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Training, Working, and Family

  • Written by Francois Beauregard

Beauregard BlastsQ: Hello Francois, 

I am thinking about competing in my first competition, but I work a full-time job. I read that you work full-time as a financial advisor. Can you tell me how you manage working and competing? Do you really have time for both? Perhaps you can let me know how you do it and even what your workout schedule looks like.

Thanks,

. . . Tom Buchan

A: Hi Tom,

This is a really good question because the main reason people don’t practice a sport is lack of time. And when you want to push the activity to another level, like taking part in a fitness competition, the challenge is to carefully manage every aspect of your life.

I have a wife and a 4-year-old daughter, and we have another child coming in June. I work as a financial planner and manager in a financial center and I am starting up my own business in the fitness industry. What is more, I train close to ten hours per week, compete, and I am very involved in fitness. Wow! How can a person do all that? Frankly, a lot of people would burn out just by reading about it, but the fact is, you can do it by defining your purpose, vision and goals. Also remember this: achievement requires effort, energy and determination.

When you want to be an athlete and live differently from most people, you have to do things differently. The most important thing in my life is my family, and around my family revolve sports, friends, pleasure, and work. You definitely have to find a balance among all the things you value in your life and in my case, family comes first, so I make sure to schedule plenty of time with them. My job is also important, so I schedule the important family time around my work. I keep track of all my time commitments in my agenda. Remember: proper time management is your best ally when you are an athlete and want to perform.

I know that I need to sleep seven to eight hours (9:30 pm to 5:30 am), and I have to work out four to six days per week, each workout lasting one and a half hours. So I’ve found the best time for me to train is in the morning, the time of the day when my family is still sleeping and when I am at my best mentally and physically. After my training, I get back home to see my family before going to work.

Francois Beauregard

A regular workout schedule looks like this:

Sunday: 9:30 am (while my daughter is at a dancing class)

Monday: 6:30 am (family is sleeping)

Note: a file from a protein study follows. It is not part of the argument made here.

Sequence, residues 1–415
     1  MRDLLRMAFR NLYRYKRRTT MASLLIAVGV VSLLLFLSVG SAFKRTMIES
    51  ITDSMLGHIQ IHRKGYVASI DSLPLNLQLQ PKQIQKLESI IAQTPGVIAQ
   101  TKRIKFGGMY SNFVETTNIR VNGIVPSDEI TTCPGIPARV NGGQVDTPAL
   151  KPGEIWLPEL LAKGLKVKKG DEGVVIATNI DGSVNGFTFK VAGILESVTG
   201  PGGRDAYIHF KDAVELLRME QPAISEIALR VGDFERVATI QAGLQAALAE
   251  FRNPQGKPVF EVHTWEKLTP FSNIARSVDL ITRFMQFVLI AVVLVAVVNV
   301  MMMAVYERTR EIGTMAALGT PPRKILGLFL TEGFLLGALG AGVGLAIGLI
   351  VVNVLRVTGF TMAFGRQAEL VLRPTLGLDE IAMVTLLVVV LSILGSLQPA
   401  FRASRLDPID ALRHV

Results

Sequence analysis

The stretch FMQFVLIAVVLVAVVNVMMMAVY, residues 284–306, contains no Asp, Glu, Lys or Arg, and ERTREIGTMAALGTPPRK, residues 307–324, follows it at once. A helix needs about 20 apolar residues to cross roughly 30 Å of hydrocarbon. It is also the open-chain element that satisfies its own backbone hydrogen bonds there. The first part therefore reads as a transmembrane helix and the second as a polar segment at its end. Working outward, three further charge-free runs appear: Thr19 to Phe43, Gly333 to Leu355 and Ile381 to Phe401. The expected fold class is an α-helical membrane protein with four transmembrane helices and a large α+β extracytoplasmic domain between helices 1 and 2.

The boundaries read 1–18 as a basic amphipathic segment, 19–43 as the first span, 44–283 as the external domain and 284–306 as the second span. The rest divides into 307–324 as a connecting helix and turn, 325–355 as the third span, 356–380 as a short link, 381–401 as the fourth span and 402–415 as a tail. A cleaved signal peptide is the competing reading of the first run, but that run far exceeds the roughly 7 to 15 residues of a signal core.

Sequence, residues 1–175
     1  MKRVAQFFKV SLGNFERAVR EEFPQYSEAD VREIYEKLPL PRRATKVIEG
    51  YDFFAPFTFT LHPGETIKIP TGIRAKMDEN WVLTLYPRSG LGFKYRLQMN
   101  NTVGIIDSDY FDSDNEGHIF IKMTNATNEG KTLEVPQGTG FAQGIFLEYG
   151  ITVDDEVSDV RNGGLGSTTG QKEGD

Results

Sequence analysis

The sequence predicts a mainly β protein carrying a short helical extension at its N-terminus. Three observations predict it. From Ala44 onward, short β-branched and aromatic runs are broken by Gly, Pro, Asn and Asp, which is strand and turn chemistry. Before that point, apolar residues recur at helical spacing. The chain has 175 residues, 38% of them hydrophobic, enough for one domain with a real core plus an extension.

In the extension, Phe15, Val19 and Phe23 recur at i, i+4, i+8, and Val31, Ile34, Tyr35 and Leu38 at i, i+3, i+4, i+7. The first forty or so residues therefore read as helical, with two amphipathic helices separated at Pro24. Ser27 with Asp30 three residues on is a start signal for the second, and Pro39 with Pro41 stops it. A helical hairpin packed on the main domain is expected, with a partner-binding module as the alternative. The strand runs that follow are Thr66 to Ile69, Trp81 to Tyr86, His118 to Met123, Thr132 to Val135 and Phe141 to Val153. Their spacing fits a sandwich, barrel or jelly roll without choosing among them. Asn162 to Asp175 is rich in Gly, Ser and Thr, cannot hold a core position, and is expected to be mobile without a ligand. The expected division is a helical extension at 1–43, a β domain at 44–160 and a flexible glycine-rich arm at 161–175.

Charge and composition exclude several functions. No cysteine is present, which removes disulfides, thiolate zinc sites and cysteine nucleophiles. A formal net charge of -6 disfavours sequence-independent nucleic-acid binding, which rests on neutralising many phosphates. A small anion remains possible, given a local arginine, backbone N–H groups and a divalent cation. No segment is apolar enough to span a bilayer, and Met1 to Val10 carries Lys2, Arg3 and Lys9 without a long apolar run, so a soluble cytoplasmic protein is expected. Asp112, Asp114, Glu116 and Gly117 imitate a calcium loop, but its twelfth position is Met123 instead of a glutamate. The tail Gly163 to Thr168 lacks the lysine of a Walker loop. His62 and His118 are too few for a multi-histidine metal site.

Tuesday: 6:30 am (family is sleeping)

Wednesday: off

Thursday: 6:30 am (family is sleeping)

Friday: 6:30 am (family is sleeping)

Saturday: 8:00 am or off (depending of the preparation phase)

Each minute is important in each day, so no TV, no time to waste with meaningless problems, and no time to listen to people complain. Basically, I know I have no time to lose!

In this venture, the support of my wife is very important. She knows how to follow my diet, what to cook and when (chicken, eggs, beef, horse), and she is also really understanding about my training schedule. When she doesn’t have the time to cook my food, I do it during the weekend or at the end of the day. If I have to wake up a 4:30 am to cook, I will. But food is not really a problem. I put the chicken into the oven for three hours and let it cook; horse takes about ten minutes, as do vegetables.

A big part is to plan my lunch properly because that’s in the middle of day when I’m out. I prepare my lunch in the morning while my eggs are cooking and I’m getting my workout bag ready and, at the same time, responding to my e-mail (ask anybody -- I answer my e-mails between 5:30 am and 6:30 am). This requires a lot of coordination!

Now that I have a plan that includes work time, training time, family time and rest, I use the remaining hours to develop and manage my own business. Obviously, I like being busy.

As you can see, friends are not a big part of my planning. There are many reasons for this. First, I don’t believe in having hundred of friends; instead, I prefer quality relationships (one of my best friends is my training partner). Second, I concentrate my energy with my best friends and try not waste precious hours with time-consuming “supposed” friends. Finally, I don’t need to see my friends every day and every week; they have their lives and I have mine. So a lunch during the week and a family get-together are usually enough to maintain good relations.

To get back to your question, the answer is that it involves planning and design. When a desire to do something is more powerful than not doing it, you can accomplish anything and you will always find time to do it with the right planning. Yes, it requires sacrifices sometimes, but in my opinion, nothing in life is free.

Best of success in your future athletic career!

. . . Francois Beauregard, IDFA Pro

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